Under the substantial evidence standard applicable to the first prong, a court must uphold the agency’s determination on whether there are unusual circumstances if there is any substantial evidence supporting it, even if the record contains conflicting evidence or could support a different conclusion. 

 

In contrast, the fair argument standard applicable to the second prong provides a lower threshold for challenges to agency determinations.  Under the fair argument standard, the “unusual circumstances” exception applies if any substantial evidence supports a fair argument that the proposed activity may have a significant effect on the environment due to the unusual circumstances, regardless of whether other evidence in the record supports a conflicting conclusion. 

 

The Supreme Court explained:

 

While evidence of a significant effect may be offered to prove unusual circumstances, circumstances do not become unusual merely because a fair argument can be made that they might have a significant effect.  *  *  *  Judicial review of such determinations is limited to ascertaining whether they are “supported by substantial evidence.”  On the other hand, when unusual circumstances are established, *  *  * [a]n agency must evaluate potential environmental effects under the fair argument standard, and judicial review is limited to determining whether the agency applied the standard “in [the] manner required by law.”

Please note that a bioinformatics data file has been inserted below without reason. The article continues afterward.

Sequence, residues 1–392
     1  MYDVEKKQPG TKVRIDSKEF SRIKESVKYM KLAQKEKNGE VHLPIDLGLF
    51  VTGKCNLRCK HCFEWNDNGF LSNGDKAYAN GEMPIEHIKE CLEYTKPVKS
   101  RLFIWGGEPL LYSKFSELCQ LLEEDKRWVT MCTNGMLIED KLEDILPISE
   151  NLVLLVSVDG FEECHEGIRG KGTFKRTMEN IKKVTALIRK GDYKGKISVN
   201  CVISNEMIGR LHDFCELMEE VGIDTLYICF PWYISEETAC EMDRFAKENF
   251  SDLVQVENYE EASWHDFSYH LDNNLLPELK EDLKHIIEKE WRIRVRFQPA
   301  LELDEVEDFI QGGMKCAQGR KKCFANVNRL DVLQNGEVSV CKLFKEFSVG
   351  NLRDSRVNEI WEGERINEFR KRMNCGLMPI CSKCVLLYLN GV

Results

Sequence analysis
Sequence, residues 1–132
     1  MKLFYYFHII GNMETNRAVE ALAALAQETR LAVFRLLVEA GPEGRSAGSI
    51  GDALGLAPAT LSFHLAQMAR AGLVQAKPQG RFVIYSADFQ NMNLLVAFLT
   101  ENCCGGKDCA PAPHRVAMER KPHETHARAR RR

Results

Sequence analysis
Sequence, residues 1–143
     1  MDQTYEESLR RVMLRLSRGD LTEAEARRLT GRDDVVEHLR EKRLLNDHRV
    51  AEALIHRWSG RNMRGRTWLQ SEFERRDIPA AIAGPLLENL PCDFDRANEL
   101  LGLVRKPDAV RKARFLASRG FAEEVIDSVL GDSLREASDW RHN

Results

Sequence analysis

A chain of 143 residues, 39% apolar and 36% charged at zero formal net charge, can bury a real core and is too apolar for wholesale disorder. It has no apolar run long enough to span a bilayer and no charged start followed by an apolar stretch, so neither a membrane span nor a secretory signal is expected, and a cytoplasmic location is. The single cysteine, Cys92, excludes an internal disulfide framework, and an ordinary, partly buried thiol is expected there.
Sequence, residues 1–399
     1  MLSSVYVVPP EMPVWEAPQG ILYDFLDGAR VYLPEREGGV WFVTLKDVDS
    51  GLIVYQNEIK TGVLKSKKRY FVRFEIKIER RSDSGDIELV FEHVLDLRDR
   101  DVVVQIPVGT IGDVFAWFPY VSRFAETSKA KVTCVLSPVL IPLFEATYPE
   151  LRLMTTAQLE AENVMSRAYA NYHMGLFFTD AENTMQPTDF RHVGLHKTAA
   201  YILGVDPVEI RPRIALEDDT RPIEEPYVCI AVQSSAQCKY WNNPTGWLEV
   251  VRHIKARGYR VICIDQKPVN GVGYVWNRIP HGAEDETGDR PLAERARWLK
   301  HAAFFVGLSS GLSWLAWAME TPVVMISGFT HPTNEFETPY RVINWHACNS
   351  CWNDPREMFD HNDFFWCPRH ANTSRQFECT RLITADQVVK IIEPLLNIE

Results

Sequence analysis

Lessons for Future Projects and Early CEQA Planning

 

As a result of the Court’s bifurcated standard of review, on projects for which the lead agency relies on a categorical exemption to satisfy CEQA, project applicants should ensure that (1) the lead agency makes an explicit finding that the project lacks “unusual circumstances,” and (2) the agency’s finding is supported by substantial evidence in the record.  This is because a robust finding supported by substantial evidence that there are no unusual circumstances is the only way to avoid the opponent-friendly standard of review that applies to the second prong of the test. 

 

Where an agency finds the project presents unusual circumstances and that significant environmental effects are possible because of those circumstances, the project applicant should also consider urging the agency to conduct further CEQA review to avoid the risk of the project being delayed by CEQA litigation and potential remand to the agency under the fair argument standard of review.

 

This case also illustrates how long CEQA challenges can delay projects and thus highlights the importance of early CEQA planning.  Berkeley Hillside stems from a use permit application for a large single family home approved by the City of Berkeley nearly five years ago.  Regardless of what type of CEQA document is prepared in connection with a project—whether a categorical exemption, a negative declaration, or an environmental impact report—significant time and money can often be saved by investing a little more CEQA planning and risk assessment at the project permitting stage. 



[1]  Berkeley Hillside Preservation v. City of Berkeley, No. S201116 (Cal. Sup. Ct., Mar. 2, 2015).